Now what if we ran EVs on solar panels on the same land? Let's say the solar farm is 50% covered with solar panels and gets a capacity factor (clouds, night, etc) of 20% and a cell efficiency of 20%. 1000W/m, so 20W/m electricity is produced on average. That's 20 joules per square meter per second, so 631 MJ per square meter per year. We reduce it by the average US grid efficiency of 92% and an average wall-to-wheels EV efficiency of 80% and we get 465 MJ per square meter per year. 136 times as land-efficient as the biofuel alternative

    Now let's say we leave out all of these lossy bioprocesses behind and generate some sort of biofuel straight from electricity at a very unrealistic 80% efficiency (most processes for realistic fuels are way lower), plus the same generous 5% distribution losses, and that it's afforable. And let's say that they all burn their fuel at an impressive 40% efficiency (even fuel cells, while higher in peak efficiency, generally can't do that tank-to-wheels in real-world vehicle usage). Thus we get 192 MJ per square meter per year, 41% that of the EV. Are you really comfortable with plastering 2.4 times as much of the earth's surface with solar panels? Or 2.4 times more wind turbines, 2.4 times more dammed rivers, 2.4 times more nuclear power plants and uranium mining, etc? Is that, in your view, an ideal solution, even in this comparison highly biased in favor of fuels versus electricity?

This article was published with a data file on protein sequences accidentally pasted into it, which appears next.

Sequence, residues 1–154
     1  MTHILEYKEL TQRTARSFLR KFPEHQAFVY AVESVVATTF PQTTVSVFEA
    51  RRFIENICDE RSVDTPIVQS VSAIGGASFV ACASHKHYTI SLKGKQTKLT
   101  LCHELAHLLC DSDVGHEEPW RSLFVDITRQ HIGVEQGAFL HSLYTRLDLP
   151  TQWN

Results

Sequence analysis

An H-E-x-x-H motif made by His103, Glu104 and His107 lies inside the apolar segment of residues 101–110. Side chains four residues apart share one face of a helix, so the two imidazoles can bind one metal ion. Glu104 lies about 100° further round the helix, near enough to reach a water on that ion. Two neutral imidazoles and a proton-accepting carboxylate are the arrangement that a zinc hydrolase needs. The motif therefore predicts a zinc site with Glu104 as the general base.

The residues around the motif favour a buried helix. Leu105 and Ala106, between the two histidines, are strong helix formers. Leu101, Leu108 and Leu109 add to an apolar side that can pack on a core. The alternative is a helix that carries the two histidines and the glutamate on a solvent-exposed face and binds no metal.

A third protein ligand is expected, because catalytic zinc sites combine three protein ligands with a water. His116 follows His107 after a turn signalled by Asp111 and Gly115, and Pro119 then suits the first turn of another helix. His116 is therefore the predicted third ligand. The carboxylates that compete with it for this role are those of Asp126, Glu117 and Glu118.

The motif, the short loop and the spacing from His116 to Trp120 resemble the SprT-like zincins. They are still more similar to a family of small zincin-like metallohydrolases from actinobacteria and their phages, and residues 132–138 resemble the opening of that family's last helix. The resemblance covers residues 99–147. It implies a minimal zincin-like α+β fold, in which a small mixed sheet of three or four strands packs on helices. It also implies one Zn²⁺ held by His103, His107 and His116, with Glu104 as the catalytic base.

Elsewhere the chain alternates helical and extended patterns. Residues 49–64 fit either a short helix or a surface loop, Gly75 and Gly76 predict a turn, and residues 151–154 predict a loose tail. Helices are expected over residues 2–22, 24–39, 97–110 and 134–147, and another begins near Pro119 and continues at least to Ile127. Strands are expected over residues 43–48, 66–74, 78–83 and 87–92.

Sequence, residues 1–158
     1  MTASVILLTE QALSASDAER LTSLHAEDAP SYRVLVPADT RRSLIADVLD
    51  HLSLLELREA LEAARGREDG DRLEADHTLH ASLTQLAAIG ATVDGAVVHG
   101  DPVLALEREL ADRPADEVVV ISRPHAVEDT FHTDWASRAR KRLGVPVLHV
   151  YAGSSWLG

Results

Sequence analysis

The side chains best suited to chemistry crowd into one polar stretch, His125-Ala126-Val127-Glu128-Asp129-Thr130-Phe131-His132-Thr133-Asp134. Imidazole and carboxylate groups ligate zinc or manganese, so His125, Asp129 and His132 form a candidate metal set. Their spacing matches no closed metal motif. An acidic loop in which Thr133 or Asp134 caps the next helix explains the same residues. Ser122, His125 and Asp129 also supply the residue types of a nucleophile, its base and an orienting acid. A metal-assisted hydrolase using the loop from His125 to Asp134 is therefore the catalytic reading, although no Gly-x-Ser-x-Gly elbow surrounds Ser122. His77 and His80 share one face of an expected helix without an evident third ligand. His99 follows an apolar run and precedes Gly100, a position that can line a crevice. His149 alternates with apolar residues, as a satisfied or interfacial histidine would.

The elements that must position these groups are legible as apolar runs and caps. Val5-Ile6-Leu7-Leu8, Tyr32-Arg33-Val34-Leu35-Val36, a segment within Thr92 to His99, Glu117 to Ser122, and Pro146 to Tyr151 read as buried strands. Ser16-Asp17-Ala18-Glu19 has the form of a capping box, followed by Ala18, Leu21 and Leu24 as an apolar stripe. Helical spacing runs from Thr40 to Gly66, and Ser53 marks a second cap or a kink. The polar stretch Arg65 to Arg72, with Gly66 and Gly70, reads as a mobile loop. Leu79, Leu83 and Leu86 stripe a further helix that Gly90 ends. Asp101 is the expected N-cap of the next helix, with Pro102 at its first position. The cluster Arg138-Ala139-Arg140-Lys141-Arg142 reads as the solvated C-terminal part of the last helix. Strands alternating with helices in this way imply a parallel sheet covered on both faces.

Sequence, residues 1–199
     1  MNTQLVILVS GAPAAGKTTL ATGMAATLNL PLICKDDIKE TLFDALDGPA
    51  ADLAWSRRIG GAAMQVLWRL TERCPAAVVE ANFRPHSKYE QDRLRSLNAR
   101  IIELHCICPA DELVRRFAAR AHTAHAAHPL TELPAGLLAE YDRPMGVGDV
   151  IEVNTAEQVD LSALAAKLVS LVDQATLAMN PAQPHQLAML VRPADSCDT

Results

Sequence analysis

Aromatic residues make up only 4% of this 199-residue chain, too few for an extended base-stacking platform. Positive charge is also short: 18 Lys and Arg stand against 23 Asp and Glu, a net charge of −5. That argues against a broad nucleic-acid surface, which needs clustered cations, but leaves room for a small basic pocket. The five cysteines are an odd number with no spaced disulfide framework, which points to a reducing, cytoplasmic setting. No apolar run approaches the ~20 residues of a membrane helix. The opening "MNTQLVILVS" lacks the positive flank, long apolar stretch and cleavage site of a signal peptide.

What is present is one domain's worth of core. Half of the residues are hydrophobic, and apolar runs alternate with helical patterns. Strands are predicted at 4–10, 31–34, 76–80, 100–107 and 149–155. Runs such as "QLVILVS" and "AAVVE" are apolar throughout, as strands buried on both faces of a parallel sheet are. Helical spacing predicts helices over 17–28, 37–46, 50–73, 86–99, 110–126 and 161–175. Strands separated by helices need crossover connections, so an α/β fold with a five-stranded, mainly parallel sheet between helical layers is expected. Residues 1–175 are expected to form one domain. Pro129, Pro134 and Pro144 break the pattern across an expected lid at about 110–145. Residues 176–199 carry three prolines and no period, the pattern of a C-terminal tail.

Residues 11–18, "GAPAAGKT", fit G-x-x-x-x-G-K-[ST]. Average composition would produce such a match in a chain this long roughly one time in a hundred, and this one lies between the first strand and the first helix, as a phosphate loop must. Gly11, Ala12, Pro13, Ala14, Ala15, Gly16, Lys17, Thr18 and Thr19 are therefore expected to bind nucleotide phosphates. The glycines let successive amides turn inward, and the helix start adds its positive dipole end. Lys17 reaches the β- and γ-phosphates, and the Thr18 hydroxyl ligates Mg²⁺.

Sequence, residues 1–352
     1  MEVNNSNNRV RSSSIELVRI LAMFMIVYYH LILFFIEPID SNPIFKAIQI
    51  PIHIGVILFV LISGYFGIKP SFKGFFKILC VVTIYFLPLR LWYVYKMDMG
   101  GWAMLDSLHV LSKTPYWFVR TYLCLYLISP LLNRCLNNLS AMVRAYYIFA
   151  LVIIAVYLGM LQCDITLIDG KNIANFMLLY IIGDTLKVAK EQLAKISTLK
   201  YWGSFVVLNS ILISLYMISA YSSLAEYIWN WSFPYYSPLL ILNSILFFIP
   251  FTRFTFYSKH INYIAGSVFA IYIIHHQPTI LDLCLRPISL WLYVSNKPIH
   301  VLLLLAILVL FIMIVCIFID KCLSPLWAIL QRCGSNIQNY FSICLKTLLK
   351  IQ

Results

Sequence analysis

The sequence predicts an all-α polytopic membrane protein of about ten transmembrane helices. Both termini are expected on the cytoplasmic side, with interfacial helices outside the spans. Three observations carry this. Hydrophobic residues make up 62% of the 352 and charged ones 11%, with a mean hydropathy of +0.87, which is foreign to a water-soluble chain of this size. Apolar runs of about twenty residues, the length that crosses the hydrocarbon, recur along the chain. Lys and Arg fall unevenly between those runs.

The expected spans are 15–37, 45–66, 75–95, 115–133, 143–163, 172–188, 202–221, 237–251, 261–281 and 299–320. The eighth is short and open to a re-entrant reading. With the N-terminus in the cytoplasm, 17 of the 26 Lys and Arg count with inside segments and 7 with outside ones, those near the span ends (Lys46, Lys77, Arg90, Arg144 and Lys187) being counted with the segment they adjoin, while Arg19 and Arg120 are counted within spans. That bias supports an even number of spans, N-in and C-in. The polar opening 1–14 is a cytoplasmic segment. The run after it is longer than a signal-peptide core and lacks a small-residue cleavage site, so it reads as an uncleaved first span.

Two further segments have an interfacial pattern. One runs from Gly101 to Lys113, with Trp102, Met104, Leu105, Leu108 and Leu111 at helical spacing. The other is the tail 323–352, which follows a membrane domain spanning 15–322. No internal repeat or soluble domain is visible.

Electricity is the universal energy currency, and we shouldn't be wasting it converting it between different forms needlessly. Not only does it mean a dramatically worse impact on the planet, it also